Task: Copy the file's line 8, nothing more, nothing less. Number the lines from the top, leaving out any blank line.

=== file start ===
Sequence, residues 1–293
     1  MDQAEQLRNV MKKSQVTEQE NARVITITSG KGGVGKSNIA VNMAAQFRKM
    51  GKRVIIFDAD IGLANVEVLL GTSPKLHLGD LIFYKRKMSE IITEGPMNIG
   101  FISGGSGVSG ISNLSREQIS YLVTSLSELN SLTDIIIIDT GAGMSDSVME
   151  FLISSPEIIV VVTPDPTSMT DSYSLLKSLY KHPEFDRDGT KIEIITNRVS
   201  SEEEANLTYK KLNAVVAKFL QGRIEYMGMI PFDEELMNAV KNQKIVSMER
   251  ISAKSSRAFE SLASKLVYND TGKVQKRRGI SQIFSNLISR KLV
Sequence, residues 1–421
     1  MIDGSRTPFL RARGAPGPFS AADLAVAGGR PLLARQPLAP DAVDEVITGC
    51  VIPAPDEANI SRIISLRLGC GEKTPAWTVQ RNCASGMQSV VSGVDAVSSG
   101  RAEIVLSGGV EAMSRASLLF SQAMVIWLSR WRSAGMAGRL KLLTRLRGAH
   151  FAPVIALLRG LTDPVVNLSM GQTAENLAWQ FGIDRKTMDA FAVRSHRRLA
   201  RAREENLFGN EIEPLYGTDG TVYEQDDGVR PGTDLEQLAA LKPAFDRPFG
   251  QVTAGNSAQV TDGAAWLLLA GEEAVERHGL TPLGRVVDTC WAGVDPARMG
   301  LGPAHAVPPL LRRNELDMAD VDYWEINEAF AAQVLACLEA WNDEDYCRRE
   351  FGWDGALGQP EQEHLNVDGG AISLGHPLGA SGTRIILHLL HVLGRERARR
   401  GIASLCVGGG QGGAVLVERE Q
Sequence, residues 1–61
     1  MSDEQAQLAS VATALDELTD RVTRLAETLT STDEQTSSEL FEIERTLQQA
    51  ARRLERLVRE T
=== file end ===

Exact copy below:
Sequence, residues 1–421